(Göttingen/CNRS (IMJ))

Tuesday, June 16, 2020 (1am PDT, 4am EDT, 9am BST, 10am CEST, 1:30pm IST, 4pm China Standard Time, 6pm AEST, 8pm NZST)

Abstract: At the simplest level, an upper bound sieve of Selberg type is a choice of rho(d), d<=D, with rho(1)=1, such that

S = \sum_{n\leq N} \left(\sum_{d|n} \mu(d) \rho(d)\right)^2

is as small as possible.

The optimal choice of rho(d) for given D was found by Selberg. However, for several applications, it is better to work with functions rho(d) that are scalings of a given continuous or monotonic function eta. The question is then what is the best function eta, and how does S for given eta and D compares to S for Selberg's choice.

The most common choice of eta is that of Barban-Vehov (1968), which gives an S with the same main term as Selberg's S. We show that Barban and Vehov's choice is optimal among all eta, not just (as we knew) when it comes to the main term, but even when it comes to the second-order term, which is negative and which we determine explicitly.

This is joint work with Emanuel Carneiro, Andrés Chirre and Julian Mejía-Cordero.

Yuri Bilu, "Trinomials, singular moduli and Riffaut's conjecture"
(University of Bordeaux)

Thursday, June 11, 2020 (8am PDT, 11am EDT, 4pm BST, 5pm CEST, 8:30pm IST, 11pm China Standard Time)
Friday, June 12, 2020 (1am AEST, 3am NZST)

Abstract: Riffaut (2019) conjectured that a singular modulus of degree h>2 cannot be a root of a trinomial with rational coefficients. We show that this conjecture follows from the GRH, and obtain partial unconditional results. A joint work with Florian Luca and Amalia Pizarro.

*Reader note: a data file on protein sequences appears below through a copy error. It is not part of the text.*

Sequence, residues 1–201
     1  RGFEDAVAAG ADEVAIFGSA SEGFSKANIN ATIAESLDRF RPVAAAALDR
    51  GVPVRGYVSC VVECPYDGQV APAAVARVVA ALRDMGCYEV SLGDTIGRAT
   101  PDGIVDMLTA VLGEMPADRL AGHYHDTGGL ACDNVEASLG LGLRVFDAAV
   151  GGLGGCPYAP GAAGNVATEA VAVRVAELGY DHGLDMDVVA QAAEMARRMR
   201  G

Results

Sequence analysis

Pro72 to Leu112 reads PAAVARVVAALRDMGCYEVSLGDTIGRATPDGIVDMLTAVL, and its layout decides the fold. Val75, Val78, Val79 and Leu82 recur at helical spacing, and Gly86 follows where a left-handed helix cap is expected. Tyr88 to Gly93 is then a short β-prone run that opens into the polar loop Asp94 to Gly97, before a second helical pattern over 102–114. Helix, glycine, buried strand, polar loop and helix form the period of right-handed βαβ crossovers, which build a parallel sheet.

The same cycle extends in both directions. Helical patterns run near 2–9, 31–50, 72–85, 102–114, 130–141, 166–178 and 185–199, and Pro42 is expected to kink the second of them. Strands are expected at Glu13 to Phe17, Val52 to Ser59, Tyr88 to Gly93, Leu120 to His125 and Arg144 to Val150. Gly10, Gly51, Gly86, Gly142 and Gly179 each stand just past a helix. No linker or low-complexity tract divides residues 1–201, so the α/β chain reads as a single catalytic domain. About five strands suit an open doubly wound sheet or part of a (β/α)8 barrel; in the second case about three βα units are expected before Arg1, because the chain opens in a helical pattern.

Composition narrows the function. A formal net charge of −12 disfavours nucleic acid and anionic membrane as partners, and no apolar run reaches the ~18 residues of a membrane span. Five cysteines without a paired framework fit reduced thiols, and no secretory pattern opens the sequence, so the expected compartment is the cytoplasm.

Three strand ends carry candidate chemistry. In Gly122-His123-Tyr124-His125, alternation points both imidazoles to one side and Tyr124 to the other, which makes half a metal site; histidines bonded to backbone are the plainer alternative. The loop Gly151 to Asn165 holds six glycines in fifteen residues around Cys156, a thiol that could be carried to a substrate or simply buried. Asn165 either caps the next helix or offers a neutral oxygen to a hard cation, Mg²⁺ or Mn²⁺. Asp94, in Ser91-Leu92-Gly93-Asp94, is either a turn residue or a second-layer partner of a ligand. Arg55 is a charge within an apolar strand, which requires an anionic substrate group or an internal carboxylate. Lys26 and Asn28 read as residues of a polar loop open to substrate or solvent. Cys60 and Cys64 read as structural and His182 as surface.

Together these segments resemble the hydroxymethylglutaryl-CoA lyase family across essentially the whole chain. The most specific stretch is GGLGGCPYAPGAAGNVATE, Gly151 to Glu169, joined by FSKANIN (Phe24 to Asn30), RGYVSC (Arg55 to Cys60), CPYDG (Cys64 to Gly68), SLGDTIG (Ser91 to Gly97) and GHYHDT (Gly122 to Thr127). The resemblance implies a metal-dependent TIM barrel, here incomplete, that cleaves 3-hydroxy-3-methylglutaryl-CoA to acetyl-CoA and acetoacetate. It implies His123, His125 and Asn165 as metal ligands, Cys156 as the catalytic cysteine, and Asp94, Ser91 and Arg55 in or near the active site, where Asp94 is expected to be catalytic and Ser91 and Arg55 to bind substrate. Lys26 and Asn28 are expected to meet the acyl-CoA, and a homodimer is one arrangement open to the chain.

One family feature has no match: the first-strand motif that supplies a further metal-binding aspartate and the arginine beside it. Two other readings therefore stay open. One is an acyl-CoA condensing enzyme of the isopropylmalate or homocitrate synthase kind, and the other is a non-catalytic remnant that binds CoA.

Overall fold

Felipe Voloch, "Value sets of sparse polynomials"
(University of Canterbury)

Monday, June 8, 2020 (5pm PDT, 8pm EDT)
Tuesday, June 9, 2020 (1am BST, 2am CEST, 5:30am IST, 8am China Standard Time, 10am AEST, 12pm NZST)

Abstract: We obtain a lower bound on the size of the value set f(F_p) of a sparse polynomial f(x) in F_p[x] over a finite field of p elements when p is prime. This bound is uniform with respect to the degree and depends on the number of terms of f.

Timothy Browning, "Random Diophantine equations"
(IST Austria)

Thursday, June 4, 2020 (8am PDT, 11am EDT, 4pm BST, 5pm CEST, 8:30pm IST, 11pm China Standard Time)
Friday, June 5, 2020 (1am AEST, 3am NZST)

Abstract: I’ll survey some of the key challenges around the solubility of polynomial Diophantine equations over the integers.

While studying individual equations is often extraordinarily difficult, the situation is more accessible if we merely ask what happens on average and if we restrict to the so-called Fano range, where the number of variables exceeds the degree of the polynomial. Indeed, about 20 years ago, it was conjectured by Poonen and Voloch that random Fano hypersurfaces satisfy the Hasse principle, which is the simplest necessary condition for solubility. After discussing related results I’ll report on joint work with Pierre Le Boudec and Will Sawin where we establish this conjecture for all Fano hypersurfaces, except cubic surfaces.